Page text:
Provide new technologies to reduce harvesting pressure on vegetation
Overall effectiveness category No evidence found (no assessment)
Number of studies: 0
Background information and definitions
Providing new, efficient technologies to people who live in or near marshes or swamps could reduce pressure on wild biological resources. More efficient equipment would use less of the natural resource, reducing the amount that needs to be harvested. For example, fuel-efficient fish-smoking systems installed in Cameroon could reduce the demand for wood, which is largely extracted from mangroves (Feka et al. 2010). New technologies might also have health benefits, such as the production of less, or less harmful, smoke.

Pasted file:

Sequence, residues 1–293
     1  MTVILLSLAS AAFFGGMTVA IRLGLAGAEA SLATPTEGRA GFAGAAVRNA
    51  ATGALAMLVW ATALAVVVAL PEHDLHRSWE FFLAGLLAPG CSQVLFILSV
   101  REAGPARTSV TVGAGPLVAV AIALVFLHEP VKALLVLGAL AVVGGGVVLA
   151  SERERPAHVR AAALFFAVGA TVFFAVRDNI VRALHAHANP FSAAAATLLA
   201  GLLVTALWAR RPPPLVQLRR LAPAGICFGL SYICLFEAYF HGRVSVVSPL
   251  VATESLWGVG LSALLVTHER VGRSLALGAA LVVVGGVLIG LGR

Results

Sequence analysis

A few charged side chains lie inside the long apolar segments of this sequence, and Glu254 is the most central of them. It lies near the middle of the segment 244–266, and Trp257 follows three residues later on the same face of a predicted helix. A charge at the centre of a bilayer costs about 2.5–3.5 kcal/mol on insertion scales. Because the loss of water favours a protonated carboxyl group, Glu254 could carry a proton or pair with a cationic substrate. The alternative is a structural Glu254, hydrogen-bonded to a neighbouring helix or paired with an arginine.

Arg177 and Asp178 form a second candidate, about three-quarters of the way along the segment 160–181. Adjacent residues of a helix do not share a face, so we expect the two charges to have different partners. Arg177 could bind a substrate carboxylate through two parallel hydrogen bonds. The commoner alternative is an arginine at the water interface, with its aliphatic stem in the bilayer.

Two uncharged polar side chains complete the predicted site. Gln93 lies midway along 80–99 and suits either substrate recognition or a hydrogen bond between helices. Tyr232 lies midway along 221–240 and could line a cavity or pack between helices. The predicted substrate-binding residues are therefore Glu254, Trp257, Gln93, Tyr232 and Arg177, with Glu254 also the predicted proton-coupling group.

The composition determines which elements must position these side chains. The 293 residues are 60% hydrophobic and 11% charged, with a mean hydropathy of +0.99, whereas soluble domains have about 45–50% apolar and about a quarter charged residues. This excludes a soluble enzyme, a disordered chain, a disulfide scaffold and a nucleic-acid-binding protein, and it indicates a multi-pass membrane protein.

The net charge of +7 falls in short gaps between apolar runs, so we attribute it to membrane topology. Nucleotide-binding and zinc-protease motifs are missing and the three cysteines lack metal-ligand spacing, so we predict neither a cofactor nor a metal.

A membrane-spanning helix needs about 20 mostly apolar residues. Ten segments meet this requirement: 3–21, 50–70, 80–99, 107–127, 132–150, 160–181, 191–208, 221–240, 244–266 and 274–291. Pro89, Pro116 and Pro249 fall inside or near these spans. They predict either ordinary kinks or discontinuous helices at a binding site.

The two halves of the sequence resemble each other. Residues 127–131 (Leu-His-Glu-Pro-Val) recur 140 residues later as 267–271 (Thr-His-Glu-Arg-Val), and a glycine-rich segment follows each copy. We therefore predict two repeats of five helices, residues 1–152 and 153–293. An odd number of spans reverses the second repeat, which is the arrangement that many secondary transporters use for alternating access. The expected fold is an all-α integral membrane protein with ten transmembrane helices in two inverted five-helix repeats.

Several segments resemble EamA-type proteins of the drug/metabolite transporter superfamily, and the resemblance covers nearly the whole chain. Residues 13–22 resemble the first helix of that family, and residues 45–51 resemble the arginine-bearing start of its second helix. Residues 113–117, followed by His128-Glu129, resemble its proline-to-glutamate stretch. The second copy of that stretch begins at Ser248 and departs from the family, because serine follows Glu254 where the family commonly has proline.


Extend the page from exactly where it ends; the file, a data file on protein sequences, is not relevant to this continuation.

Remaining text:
To be included as evidence for this action, studies must have quantified the effects of new technologies on marsh or swamp vegetation or human behaviours that threaten it (e.g. the amount of wood harvested). Studies that simply monitor the technologies (e.g. the amount of wood consumed by stoves of different designs) are not included as evidence.
Feka N.Z., Chuyong G.B. & Ajonina G.N. (2010) Sustainable utilization of mangroves using improved fish-smoking systems: a management perspective from the Douala-Edea Wildlife Reserve, Cameroon. Tropical Conservation Science, 2, 450–468.